How Does Motorcycle Accident Insurance Differ From Auto Insurance in Pennsylvania?

Kimiko G. Judith

In Pennsylvania, when you buy motorcycle insurance, there are different things to consider than when buying regular auto coverage. The major difference is that for car insurance, Pennsylvania Law requires a minimum coverage of $5,000 in medical coverage benefits, also called “no-fault” or PIP coverage.

With motorcycle insurance, though, Pennsylvania law does not require medical coverage. In fact, many motorcycle insurers don’t provide medical coverage in Pennsylvania.

Another major difference is that there is no “limited tort” with motorcycle insurance in PA. With Auto Insurance in PA, you must choose either limited or full tort. Full tort is more expensive but protects your rights to make a bodily injury/pain and suffering claim (there is no threshold requirement of a “serious injury” with full tort). With Motorcycle coverage in PA, basically, all claims are full tort.

The other major difference in PA is that under the Pennsylvania Motor Vehicle Financial Responsibility Law, it is harder for a health insurer to “subrogate” or make a lien to be repaid out of a car accident settlement or recovery. The health insurance plan must be of a certain type. With motorcycle claims, though, your health insurance is not subject to the same limitations and thus has a better chance to be repaid from an insurance claim. That may be more of a reason for you to consider getting medical coverage when you buy motorcycle insurance in PA.

Another difference is that if you are injured in a car, you are more likely able to “stack” or combine any other separate household auto insurance coverage. Say for example your brother lives with you and has a separate insurance policy – you might be able to get extra insurance coverage for a car accident under his policy. Often in Pennsylvania, when you are in a motorcycle accident, any house hold auto insurance will have an exclusion – that is no coverage- if you were an occupant of a motorcycle. So, you would not be able to stack, i.e., combine, your motorcycle insurance with household auto insurance in that instance.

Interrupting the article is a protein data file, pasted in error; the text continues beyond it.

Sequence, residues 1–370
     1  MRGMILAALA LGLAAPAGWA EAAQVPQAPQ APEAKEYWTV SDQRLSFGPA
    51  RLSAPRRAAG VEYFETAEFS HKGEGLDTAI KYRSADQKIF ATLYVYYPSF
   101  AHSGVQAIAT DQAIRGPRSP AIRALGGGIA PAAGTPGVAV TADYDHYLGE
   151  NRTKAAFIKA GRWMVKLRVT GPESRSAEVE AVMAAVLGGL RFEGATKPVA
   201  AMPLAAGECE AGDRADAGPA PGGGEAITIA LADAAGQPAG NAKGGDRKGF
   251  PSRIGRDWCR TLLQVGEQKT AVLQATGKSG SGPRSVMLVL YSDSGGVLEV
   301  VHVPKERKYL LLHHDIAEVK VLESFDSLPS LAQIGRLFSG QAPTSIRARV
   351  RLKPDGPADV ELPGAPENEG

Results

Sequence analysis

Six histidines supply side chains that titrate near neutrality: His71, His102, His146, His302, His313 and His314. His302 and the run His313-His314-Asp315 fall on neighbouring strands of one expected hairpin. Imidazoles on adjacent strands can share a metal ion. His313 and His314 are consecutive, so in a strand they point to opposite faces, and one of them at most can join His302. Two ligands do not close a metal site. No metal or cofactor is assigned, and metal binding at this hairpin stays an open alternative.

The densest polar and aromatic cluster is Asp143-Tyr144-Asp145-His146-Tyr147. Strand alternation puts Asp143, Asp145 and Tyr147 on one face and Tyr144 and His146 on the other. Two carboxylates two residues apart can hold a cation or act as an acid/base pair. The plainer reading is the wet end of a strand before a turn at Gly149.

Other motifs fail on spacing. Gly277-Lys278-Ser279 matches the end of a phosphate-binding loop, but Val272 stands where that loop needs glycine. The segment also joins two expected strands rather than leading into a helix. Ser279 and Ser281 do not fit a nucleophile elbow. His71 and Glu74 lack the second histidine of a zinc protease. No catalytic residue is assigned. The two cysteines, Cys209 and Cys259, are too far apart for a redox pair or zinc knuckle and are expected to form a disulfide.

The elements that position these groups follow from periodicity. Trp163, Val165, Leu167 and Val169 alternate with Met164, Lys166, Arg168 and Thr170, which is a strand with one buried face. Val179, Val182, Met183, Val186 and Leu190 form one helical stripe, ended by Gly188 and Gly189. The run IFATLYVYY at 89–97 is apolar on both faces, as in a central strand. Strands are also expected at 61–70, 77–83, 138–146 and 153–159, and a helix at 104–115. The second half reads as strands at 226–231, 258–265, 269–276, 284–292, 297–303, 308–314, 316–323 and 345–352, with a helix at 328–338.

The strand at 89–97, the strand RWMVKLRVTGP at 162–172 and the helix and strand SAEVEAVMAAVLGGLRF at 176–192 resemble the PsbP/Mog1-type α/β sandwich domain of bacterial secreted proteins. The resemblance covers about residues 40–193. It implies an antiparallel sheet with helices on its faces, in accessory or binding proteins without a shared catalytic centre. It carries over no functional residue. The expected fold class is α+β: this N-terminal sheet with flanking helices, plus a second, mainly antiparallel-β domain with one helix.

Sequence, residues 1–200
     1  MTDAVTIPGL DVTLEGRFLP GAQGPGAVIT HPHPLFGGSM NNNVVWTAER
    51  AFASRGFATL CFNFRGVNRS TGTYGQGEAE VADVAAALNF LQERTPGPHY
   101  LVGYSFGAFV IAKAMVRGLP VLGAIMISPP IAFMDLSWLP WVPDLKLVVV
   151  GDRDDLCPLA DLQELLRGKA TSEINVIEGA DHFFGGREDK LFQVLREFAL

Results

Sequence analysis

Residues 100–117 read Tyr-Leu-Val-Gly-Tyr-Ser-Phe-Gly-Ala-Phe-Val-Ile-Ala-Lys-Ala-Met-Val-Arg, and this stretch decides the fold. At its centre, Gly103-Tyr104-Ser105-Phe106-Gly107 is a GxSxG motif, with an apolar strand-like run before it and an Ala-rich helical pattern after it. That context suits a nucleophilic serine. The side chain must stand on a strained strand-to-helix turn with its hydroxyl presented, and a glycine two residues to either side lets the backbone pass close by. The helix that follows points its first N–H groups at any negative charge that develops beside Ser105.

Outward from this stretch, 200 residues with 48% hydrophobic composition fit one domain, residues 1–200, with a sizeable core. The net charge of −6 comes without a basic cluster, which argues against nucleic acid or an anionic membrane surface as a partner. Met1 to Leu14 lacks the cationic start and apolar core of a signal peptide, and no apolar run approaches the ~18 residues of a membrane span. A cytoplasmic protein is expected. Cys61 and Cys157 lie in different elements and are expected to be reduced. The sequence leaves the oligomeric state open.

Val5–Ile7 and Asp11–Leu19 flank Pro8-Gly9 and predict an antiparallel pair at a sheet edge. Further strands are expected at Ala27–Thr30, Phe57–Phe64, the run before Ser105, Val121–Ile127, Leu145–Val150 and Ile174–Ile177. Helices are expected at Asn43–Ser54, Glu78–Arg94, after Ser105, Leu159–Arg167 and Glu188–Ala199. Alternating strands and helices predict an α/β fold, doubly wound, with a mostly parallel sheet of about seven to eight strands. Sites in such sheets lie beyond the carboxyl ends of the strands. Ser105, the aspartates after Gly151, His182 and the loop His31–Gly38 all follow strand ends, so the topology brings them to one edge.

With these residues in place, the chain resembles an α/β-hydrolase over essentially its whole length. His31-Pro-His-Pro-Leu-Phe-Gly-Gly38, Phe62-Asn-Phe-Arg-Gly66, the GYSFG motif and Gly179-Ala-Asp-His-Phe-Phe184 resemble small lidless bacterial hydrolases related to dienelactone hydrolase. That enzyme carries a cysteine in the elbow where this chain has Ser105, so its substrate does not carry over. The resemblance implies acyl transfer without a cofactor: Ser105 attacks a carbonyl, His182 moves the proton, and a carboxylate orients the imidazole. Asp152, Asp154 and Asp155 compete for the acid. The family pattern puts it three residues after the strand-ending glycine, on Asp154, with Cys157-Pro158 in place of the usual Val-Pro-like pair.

If you have no health insurance, you should look for a motorcycle insurer and policy which carries medical coverage. This is because if you have no medical coverage on your motorcycle, then your health insurance covers it.

If you have questions, you should make sure you have your agent explain the coverages to you.

You should also make sure you have the motorcycle insured for property damage. Keep all receipts for custom parts or accessories. If you ever have property damage to your motorcycle, you will need the receipts.

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